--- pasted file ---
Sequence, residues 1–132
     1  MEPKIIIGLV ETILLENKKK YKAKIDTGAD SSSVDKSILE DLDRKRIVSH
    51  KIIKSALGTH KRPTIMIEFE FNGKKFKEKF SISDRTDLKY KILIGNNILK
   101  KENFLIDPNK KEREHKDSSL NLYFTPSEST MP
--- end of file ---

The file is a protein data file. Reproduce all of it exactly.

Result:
Sequence, residues 1–132
     1  MEPKIIIGLV ETILLENKKK YKAKIDTGAD SSSVDKSILE DLDRKRIVSH
    51  KIIKSALGTH KRPTIMIEFE FNGKKFKEKF SISDRTDLKY KILIGNNILK
   101  KENFLIDPNK KEREHKDSSL NLYFTPSEST MP